American energy producers are being incentivized to boost production, as high fuel prices, strong demand, and a tight supply chain at the start of the summer driving season raise the chance of increased profits margins this year, Bloomberg reported.
Global crude oil prices have been fluctuating between $100-120/bbl since the conflict in Ukraine erupted in late February, with average gas prices across the U.S. reaching record highs.
Operators are gearing up as quickly as possible to increase supplies of gas, even as feedstock shortages, maintenance problems, and the upcoming hurricane season threaten production.
Domestic refineries were already operating at an overall refinery utilization rate of 91.8 percent for the week ending May 13.
Tighter energy supplies are the primary factor encouraging higher run rates this season, with the U.S. Gulf Coast and Eastern Seaboard having the highest run rates in the country at 95 percent, facing what is expected to be the strongest seasonal spike since before the pandemic curtailed demand in 2020.
Distillate inventories fell to their lowest levels in 17 years this spring, while gasoline stockpiles are facing the worse shortages since the 4th Quarter of 2021, said Bloomberg.
Strong domestic and export demand and record margins this year have encouraged refiners to maximize diesel output, but production focus is likely to shift more toward gasoline this summer before switching back for the winter.
Many companies are behind schedule in ramping up production at several sites after facing delays following a heavy winter-spring turnaround season that is expected to go into June in some areas.
Meanwhile, several existing refineries have witnessed a spate of power failures, unplanned equipment shutdowns for repairs, and maintenance problems at key production units.
Exxon Mobil’s Baton Rouge refinery is expected to be down until at least early June, after a sudden loss of steam power over the weekend, said Bloomberg.
A large stretch from the Great Lakes to the West Coast is facing the possibility of blackouts this summer, as the strained North American electric grid faces the combined stress of heat, drought, off-line power plants, and supply-chain shortages.
The power industry in much of the United States and Canada is facing heightened demand back to pre-pandemic levels, while the Gulf Coast is heading into the hurricane season, which may knock some energy facility production off-line.
Meanwhile, the Permian’s western Delaware sub-basin in southeast New Mexico and West Texas have become the top-producing and fastest-growing oil and gas region in the country, according to Rystad Energy, an international energy analysis firm, the Carlsbad Current Argus reported.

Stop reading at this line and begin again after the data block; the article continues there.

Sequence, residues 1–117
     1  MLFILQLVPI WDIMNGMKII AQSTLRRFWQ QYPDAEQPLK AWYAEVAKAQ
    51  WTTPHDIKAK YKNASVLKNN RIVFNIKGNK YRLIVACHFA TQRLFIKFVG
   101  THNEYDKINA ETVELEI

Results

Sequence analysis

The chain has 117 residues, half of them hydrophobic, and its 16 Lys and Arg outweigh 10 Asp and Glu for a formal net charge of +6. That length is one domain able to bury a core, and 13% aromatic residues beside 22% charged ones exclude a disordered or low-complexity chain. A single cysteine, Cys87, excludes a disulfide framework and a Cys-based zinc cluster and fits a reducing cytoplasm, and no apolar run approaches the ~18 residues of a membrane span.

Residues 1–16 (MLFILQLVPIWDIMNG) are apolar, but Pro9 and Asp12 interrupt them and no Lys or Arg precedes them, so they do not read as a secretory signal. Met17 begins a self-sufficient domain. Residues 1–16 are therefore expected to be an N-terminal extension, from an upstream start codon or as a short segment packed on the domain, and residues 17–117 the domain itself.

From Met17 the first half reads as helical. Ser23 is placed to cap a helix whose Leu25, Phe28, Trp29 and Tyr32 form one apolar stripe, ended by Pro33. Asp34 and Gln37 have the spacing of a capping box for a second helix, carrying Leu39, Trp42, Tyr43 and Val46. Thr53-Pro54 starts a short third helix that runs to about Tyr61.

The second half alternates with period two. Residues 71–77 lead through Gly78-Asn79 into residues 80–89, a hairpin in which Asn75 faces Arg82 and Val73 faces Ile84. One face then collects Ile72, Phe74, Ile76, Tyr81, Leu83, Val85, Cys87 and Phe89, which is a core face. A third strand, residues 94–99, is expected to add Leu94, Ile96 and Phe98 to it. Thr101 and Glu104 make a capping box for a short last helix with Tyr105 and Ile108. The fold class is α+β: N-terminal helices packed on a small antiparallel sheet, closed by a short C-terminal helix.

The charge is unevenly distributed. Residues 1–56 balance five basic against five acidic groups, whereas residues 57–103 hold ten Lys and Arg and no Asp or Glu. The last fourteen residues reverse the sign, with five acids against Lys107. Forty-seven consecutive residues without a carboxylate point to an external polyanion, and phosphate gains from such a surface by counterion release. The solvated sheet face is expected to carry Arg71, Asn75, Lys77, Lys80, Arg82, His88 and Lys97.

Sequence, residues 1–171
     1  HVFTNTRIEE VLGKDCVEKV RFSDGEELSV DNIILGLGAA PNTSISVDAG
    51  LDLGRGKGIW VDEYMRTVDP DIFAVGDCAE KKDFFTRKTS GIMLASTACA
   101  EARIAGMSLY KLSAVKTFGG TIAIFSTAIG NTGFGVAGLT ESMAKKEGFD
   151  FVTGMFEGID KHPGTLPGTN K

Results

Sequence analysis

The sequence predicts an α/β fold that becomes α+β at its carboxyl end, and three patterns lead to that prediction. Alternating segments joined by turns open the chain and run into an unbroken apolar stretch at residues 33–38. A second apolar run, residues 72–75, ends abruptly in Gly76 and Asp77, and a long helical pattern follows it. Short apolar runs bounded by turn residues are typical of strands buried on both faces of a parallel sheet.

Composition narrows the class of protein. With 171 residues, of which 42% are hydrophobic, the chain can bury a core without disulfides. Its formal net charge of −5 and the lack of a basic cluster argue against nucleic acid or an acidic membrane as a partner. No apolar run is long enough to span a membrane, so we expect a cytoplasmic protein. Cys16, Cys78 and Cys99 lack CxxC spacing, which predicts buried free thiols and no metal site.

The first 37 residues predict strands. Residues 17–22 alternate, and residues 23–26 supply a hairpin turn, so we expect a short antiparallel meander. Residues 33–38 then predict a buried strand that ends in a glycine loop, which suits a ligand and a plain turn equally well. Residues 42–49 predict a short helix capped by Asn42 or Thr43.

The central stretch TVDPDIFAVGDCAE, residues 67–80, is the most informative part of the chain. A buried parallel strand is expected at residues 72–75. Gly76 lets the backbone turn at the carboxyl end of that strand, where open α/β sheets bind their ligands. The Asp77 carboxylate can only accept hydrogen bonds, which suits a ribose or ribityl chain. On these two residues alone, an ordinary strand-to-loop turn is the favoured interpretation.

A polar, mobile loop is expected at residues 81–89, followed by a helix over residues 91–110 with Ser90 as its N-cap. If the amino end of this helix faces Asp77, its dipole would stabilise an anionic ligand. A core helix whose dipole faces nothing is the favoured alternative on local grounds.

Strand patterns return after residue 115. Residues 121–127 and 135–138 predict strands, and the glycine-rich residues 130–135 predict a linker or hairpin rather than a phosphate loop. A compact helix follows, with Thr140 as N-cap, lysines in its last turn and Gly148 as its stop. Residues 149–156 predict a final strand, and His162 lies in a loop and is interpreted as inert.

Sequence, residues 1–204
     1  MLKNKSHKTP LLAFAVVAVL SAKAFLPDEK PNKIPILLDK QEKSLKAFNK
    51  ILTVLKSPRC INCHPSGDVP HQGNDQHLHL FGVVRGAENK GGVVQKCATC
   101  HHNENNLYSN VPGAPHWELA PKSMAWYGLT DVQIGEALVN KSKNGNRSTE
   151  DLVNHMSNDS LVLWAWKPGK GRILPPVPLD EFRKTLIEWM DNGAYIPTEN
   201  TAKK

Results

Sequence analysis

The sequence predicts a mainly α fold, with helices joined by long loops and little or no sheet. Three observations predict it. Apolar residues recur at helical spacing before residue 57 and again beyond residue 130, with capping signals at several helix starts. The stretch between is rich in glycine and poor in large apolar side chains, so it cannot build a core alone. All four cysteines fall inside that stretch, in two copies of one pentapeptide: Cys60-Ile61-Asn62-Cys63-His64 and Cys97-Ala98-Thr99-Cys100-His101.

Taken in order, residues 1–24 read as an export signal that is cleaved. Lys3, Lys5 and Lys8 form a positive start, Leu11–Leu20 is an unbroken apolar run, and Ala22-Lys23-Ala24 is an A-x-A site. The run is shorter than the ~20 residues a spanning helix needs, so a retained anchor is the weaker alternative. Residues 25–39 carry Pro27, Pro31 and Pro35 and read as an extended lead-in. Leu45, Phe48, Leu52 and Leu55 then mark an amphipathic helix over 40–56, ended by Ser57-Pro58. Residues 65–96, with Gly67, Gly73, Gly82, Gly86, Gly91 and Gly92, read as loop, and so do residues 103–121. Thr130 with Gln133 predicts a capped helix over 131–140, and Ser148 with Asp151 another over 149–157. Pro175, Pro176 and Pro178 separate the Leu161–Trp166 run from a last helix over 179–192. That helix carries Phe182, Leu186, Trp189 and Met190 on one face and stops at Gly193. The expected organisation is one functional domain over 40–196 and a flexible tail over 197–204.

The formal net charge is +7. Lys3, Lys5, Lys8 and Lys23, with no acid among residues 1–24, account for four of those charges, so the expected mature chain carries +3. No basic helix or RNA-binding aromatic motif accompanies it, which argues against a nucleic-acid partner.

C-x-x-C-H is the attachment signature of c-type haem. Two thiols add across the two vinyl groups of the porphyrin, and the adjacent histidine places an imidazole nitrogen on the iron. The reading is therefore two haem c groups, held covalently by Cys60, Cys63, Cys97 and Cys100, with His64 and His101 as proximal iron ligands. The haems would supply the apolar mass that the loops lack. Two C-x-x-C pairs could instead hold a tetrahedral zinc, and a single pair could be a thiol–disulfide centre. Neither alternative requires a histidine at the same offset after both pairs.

The Permian basin is expected to produce an average of up to 5.7 million barrels of oil equivalent per day this year, growing by about 900,000, with most of the growth reflected in rigs based in the states of Texas and New Mexico.
The basin added eight rigs to production last week, for a total of 343 rigs, with New Mexico at 98 rigs, up from 26 rigs in the past year, while Texas added 12 rigs for its total of 357.
“The Permian Delaware has emerged as the top oil-producing play in the U.S. shale patch, outpacing growth in other oil-rich regions,” said Veronika Meyer, vice president of Rystad.
“With oil prices expected to remain elevated, 2022 promises to be another outstanding year for production growth in the region.”
Further growth in the region is anticipated as oil and gas producers are expected to break production records this year due to skyrocketing demand, said Meyer.
The Current Argus also reported that two Permian Basin fossil fuel producers, Centennial Resource Development and Colgate Energy, had recently merged in a $7 billion deal that would see the newly enlarged operator focused on the western side of the Permian basin along the New Mexico-Texas border, bringing total land managed in the region to 220,000 net acres.
Over the past two years, more than 1.2 million barrels of daily refining capacity in the United States were removed from production due to government policies encouraging a push from petroleum-based fossil fuels toward green energy and in addition to the rising costs of upgrading facilities to meet stricter environmental standards.
However, the demand for oil is expected to wane later in the year as high gas prices coupled with rising interest rates start to dampen economic growth, according to the US Energy Information Administration (EIA) in May, which reduced its 2022 global oil and fuel consumption forecast to 99.6 million b/d, down about 1 million b/d from its estimate at the start of the year.